Shopping centre developer Intu's share price fell 6.7 per cent this morning as it warned 2019 losses may be worse than expected this morning as the troubled property firm battles with a challenging retail environment.
The company, which welcomed former finance boss Matthew Roberts as its new chief executive on Monday, said a higher-than-expected level of insolvencies and a slowdown in new lettings as tenants delay business decisions because of Brexit uncertainty and the current barren landscape for retailers.
The firm said it had revised its figure for net rental income for the year to minus four to six per cent, to factor in more Company Voluntary Arrangements (CVAs) – a type of insolvency procedure which prompts rent negotiations – than it previously expected among retailers.
Nonetheless, Roberts told shareholders the firm’s operational performance had been stable in the quarter, with 53 long-term leases signed amounting to £6m of annual rent, at an average of one per cent above previous passing rent.
This included new types of tenants, such as Metro Bank, which opened a branch at Manchester’s Arndale shopping centre.
Last month Intu looked to cut its debt by selling a 50 per cent stake in its Derby shopping centre to Cale Street Investments, a Kuwait-backed real estate investment firm.
The stake was acquired for £186.3m as the two firms entered a joint venture at the East Midlands shopping centre, which is visited by 22m people each year.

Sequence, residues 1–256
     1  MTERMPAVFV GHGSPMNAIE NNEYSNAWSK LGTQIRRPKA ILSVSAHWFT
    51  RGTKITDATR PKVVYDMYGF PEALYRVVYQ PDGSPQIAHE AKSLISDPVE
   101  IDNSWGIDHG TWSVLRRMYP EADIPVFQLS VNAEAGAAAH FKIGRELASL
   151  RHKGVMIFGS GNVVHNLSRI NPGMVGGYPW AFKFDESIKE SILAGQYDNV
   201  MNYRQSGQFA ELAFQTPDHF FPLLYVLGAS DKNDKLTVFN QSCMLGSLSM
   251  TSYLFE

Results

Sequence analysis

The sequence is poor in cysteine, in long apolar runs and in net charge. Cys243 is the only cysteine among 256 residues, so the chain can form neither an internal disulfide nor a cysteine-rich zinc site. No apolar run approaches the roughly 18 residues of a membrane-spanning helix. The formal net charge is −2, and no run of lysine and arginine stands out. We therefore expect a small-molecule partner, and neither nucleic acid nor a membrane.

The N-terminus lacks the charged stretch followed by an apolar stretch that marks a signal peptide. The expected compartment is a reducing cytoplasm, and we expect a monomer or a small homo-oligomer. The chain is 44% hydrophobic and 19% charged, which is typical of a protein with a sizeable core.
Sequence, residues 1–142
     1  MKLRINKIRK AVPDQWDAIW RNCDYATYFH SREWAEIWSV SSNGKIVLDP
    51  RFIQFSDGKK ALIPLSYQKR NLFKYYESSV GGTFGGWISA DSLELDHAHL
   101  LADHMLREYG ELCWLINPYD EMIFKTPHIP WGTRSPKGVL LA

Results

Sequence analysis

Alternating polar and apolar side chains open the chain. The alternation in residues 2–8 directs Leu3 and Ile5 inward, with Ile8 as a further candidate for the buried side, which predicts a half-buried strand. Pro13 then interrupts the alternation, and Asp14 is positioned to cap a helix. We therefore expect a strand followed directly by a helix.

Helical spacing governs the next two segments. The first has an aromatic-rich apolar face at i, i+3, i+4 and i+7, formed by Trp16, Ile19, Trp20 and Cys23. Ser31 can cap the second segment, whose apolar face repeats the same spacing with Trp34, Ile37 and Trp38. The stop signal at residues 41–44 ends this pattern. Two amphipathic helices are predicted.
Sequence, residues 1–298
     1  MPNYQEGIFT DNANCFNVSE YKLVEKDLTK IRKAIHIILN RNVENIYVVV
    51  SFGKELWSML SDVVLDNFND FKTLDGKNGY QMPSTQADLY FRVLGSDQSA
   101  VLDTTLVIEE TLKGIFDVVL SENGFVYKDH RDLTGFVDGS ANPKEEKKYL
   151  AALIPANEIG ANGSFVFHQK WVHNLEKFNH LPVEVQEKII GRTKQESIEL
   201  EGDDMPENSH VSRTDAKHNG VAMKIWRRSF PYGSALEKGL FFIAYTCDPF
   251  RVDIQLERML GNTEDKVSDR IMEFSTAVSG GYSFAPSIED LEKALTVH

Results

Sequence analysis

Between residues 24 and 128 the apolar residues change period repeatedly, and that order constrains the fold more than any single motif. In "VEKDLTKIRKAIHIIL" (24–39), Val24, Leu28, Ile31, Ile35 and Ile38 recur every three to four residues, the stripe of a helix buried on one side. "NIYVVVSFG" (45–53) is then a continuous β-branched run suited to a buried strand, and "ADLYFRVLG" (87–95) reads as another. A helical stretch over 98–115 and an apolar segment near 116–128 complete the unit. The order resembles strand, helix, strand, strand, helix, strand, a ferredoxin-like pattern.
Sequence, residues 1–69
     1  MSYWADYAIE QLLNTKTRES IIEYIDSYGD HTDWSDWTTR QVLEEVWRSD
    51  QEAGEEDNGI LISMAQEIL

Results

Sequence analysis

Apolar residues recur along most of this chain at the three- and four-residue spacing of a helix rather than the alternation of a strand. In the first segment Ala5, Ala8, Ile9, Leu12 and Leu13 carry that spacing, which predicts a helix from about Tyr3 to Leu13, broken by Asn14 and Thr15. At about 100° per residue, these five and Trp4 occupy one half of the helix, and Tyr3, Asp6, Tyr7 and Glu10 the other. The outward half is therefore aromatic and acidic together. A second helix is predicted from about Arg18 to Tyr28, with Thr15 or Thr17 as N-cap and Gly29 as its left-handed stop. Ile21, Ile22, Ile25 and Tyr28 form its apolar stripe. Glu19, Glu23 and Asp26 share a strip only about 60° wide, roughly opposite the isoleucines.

The level of occupancy in the firm’s shopping centres fell 1.1 per cent to 95.6 per cent in the first quarter, compared to the final three months of 2018.
Emma-Lou Montgomery, associate director at Fidelity, said Intu has “a battle on its hands”.
“The war zone that the retails sector has become has handed new chief executive Matthew Roberts the unenviable – but vital – task of reducing loans to value to below 50 per cent,” she said.
“The question has long been what to do about the rout of the high street. For the retailers the answer is adapt – or die. For landlords, like Intu, it’s exactly the same. Cue a string of new, non-retail tenants from Metro Bank at Manchester’s Arndale Centre to a new communal dining offering at Lakeside.”
Last year, a £2.9bn takeover bid for the shopping centre was abandoned amid Brexit-related concerns. A consortium comprising shareholders Peel Group and Saudi Arabia’s Olayan Group, together with the Canadian firm Brookfield Property, had tabled a 210.4p per share offer. Bullring owner Hammerson also abandoned a bid for the firm in April last year.
Roberts today said: “Despite the current operating environment, I believe we have a very good business and am confident we can meet the challenges we are facing head on. I look forward to updating the market on strategy alongside our interim results in July.”
“As previously disclosed, my priority is to reduce our loan to value to below 50 per cent and our plans to achieve this are underway. Our recent sale of a 50 per cent interest in intu Derby at book value is a positive first step in this regard.”